musings on…

…hijab.

I don’t write about hijab very often.  Look, I don’t even have a hijab category.  But 2 posts recently in the blogosphere have gotten me thinking.   The first is by Organica, On Taking off the Hijab, and the second is a post on a private blog where a sister has taken off her hijab after a divorce.

First and foremost, I believe hijab is fard.  It’s required.  Wearing it is submission to Allah (swt).

But I also think that it’s overemphasized.  When newbies convert, it’s often the first thing people tell them to do, even before offering to teach them how to pray.  A person’s piety is tied into how they dress, even if it isn’t a good indicator of their inner state with Allah (swt).   I also think we talk about hijab too much, which is why I don’t post much on the subject aside from fluff.

So what can you say to someone who takes off their scarf?  Nothing?  Offer your support unconditionally?  Offer your support, but with reservation?   Tell them that they’re wrong, but in a nice way?  Condemn them?

Now switch taking off hijab with something else that’s fard.  Salat.  Fasting.  Abstaining from pork or alcohol.  Not backbiting.

I doubt we’d offer positive support to someone who announces they’re not going to pray anymore.  Or who decides that they’re going to have ham sandwiches for lunch.  So why should one offer complete unconditional support without telling that person that taking the hijab off is wrong?  Sure, they know it’s wrong, but are we doing right by not saying anything?

The Qur’an tells us over and over again to enjoin what is right.  If we see a wrong and we say nothing, are we acting according to the will of Allah (swt)?

They believe in God and the Last Day, and enjoin the doing of what is right and forbid the doing of what is wrong, and vie with one another in doing good works:  and these are among the righteous (3:114)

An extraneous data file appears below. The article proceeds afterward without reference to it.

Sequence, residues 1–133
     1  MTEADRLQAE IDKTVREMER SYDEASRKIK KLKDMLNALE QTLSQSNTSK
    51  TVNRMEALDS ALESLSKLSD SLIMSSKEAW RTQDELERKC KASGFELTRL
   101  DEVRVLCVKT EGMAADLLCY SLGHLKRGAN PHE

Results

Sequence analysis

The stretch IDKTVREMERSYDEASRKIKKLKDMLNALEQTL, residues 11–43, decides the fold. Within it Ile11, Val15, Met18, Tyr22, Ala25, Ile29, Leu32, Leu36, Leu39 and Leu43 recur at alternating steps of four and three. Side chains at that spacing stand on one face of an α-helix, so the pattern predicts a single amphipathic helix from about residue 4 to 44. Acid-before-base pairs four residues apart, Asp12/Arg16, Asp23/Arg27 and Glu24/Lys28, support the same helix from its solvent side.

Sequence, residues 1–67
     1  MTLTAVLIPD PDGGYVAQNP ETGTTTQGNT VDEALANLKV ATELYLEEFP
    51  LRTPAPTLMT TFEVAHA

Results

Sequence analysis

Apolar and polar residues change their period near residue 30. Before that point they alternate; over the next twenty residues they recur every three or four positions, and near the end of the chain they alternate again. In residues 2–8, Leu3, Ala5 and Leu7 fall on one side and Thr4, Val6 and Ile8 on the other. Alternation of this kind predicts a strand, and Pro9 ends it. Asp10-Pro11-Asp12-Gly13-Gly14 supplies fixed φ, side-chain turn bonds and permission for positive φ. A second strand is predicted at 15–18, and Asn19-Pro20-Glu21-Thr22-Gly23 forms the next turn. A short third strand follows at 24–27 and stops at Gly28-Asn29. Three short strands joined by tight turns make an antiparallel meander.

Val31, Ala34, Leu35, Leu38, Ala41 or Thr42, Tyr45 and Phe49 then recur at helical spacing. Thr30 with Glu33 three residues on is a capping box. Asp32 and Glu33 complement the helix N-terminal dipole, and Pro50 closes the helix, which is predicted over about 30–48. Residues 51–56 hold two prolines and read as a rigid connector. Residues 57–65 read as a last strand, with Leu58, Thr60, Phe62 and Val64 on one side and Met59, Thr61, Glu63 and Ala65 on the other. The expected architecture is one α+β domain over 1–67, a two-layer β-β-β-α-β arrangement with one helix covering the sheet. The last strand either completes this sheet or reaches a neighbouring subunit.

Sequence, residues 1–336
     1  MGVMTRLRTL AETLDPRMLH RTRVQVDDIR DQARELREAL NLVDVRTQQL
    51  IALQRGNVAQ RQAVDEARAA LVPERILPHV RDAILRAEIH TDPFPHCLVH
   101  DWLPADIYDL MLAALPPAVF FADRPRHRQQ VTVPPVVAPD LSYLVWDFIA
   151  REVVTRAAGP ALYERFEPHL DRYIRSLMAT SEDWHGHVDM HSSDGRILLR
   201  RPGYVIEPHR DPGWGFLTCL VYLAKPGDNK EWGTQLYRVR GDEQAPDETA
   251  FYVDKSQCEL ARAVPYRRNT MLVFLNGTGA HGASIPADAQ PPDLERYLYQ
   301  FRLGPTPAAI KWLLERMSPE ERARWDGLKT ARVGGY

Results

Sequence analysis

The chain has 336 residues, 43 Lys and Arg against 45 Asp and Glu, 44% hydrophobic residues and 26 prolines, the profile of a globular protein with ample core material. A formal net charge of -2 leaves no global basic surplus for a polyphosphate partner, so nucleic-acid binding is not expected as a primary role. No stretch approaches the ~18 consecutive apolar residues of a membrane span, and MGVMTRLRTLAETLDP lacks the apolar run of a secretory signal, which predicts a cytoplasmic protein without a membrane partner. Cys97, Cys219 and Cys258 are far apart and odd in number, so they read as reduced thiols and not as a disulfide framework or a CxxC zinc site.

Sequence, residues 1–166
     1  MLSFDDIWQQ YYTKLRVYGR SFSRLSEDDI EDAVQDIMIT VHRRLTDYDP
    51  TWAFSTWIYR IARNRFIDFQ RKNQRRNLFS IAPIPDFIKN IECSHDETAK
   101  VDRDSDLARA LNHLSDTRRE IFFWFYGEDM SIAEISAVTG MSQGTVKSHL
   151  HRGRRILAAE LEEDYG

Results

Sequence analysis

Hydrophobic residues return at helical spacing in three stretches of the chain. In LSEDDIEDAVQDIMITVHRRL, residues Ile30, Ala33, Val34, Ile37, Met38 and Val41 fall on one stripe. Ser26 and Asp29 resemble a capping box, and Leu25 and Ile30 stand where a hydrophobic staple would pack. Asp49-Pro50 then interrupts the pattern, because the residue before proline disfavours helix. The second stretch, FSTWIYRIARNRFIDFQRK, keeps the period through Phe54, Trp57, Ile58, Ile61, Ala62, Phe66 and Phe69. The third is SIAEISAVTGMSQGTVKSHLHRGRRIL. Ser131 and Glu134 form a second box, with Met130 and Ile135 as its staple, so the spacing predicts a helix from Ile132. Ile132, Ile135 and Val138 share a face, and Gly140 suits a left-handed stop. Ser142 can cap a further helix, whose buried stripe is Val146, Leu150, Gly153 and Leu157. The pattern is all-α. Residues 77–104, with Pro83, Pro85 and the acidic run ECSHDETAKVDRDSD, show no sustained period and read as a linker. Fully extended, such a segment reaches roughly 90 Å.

…And that there might grow out of you a community who invite unto all that is good, and enjoin the doing of what is right and forbid the doing of what is wrong: and it is they, they who shall attain to a happy state (3:104)

Now see, here’s why I don’t write on hijab often.  I have nothing profound to say, no great insights to offer, no conclusions reached.  This is just something that has been playing in the back of my head, and I felt I needed to write something to get it out.  I haven’t commented on the sister’s blog, because I don’t comment often, and I’m loathe to seem like one of those people for whom hijab is the be all and end all of islam.

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4 thoughts on “musings on…

  1. As Salaamu Alaikum Dear Sis:

    When you find the answer, let me know. I haven’t commented on those blogs either. I know I am in error because I am not enjoining the good. But I don’t know what to say to them. So, I guess “nothing” is the best for now. What does Allah (swt) tell us? That who He leads astray no one can help. Ya Allah. It’s frightening. I must admit that the incident on the private blog really did shock and frighten me.

    On both blogs, notice all the Muslims who “supported” the taking off of the hijab. That also is frightening.

    I ask Allah (swt) for protection from the kind of confusion and pain that would make me even think of removing hijab/Ameen.

  2. I have not replied to any of those blogs, though I have seen it a few times. I guess Allah just hasn’t given me the courage to call anyone out about that sort of thing, when I do see it though I hold back the temptation to ask them a series of questions:
    1. How did you feel the first moment you took the hijab off?
    2. How did you feel the first moment you put the hijab on?

    When I put my hijab on, I never felt safer in my life. Now sometimes when I go to my parents, I will take it off because I am around family and there has been one time that I have done that when my Brother’s friend happened to stop by for a few minutes. The boy is only 12 or 13, but I immediately closed the door to the room I was in and put my hijab back on because when I saw him come him, it was like I could feel Shaytan coming into the room, just waiting to catch me in that state.

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